The main character is plunged into a world of revenge when his family is killed by terrorists and he comes up with an extreme punishment for the world; a plague that kills women only. Men are unharmed carriers of the disease.

Year of Wonders: A Novel of the Plague


Geraldine Brooks


Discriminating readers who view the term historical novel with disdain will find that this debut by praised journalist Brooks is to conventional work in the genre as a diamond is to a rhinestone. With an intensely observant eye, a rigorous regard for period detail, and assured, elegant prose, Brooks re-creates a year in the life of a remote British village decimated by the bubonic plague. Inspired by the actual town commemorated as Plague Village







A Blade of Grass

John Christopher (1986)


The basic idea of this young adult story is really interesting. A mutant virus has appeared, but it only affects certain plants, not humans or animals. "Well, that doesn't sound so bad," you say? Wrong! The virus destroys all grasses and grains. This not only means brown lawns in the suburbs, but also leads to a total lack of food for cattle and other livestock. Furthermore, it entails a similarly utter lack of wheat and grain, for humans. Within a year, terrible famine spreads throughout the world. Civilization collapses. The few scared, skinny survivors who remain huddle together in isolated valleys, growing rare virus-resistant potatoes for food, and fighting off bands of marauding scavengers.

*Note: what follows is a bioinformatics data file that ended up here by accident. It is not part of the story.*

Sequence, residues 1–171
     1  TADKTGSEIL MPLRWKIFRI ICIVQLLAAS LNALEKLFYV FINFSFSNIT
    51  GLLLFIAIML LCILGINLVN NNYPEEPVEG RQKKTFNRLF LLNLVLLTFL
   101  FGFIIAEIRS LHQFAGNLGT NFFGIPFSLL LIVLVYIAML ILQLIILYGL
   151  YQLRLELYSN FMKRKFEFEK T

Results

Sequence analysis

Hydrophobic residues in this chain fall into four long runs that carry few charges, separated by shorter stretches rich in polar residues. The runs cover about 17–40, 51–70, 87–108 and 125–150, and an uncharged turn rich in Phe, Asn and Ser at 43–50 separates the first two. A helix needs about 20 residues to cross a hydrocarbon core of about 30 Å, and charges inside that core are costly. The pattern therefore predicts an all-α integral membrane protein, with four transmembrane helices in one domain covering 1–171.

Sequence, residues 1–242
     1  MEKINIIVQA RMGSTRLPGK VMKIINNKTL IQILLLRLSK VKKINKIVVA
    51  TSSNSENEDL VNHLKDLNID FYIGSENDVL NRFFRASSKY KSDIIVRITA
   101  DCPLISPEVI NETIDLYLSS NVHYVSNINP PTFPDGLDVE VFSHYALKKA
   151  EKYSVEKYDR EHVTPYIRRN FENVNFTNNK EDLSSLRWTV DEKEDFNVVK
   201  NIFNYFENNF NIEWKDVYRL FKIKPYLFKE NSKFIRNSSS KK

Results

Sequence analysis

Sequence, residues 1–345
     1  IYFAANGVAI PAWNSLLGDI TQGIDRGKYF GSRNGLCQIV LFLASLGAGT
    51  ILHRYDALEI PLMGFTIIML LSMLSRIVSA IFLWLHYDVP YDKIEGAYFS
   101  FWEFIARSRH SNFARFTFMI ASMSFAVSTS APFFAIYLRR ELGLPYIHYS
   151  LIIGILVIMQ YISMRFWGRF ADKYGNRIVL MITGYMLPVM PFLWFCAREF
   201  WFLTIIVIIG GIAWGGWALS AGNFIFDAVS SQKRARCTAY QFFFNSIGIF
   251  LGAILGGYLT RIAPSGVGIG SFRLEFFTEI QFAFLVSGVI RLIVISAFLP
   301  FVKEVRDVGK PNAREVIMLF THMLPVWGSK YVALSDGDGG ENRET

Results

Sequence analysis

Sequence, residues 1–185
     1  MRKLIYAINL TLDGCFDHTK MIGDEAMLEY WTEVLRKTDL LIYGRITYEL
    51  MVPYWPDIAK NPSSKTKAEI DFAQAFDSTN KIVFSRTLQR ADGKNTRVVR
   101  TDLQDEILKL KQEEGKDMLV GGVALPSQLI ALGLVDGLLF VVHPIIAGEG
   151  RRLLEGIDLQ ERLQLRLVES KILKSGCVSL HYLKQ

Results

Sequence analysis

Final Impact

Yvonne Navarro (1997)


A planet is on a crash course with earth. When impact finally occurs, earth is returning to ancient times. Odd book, worth reading once.

The Day After Tomorrow

Whitely Strieber (2004)


A Ms. G pick. Industrial gases bring down global temperature, ushering in the next ice age in a few months time. No literary thought.

In the Days of the Comet

H.G. Wells


A provocative novel by H.G. Wells. In the midst of a world war, the tail of a comet brushes the atmosphere of earth, causing everyone to lose consciousness for a few hours. When the world awakens, everyone has an expanded understanding of the meaning of things. The war is quickly ended; a new utopia is created; even crime is reduced to near zero.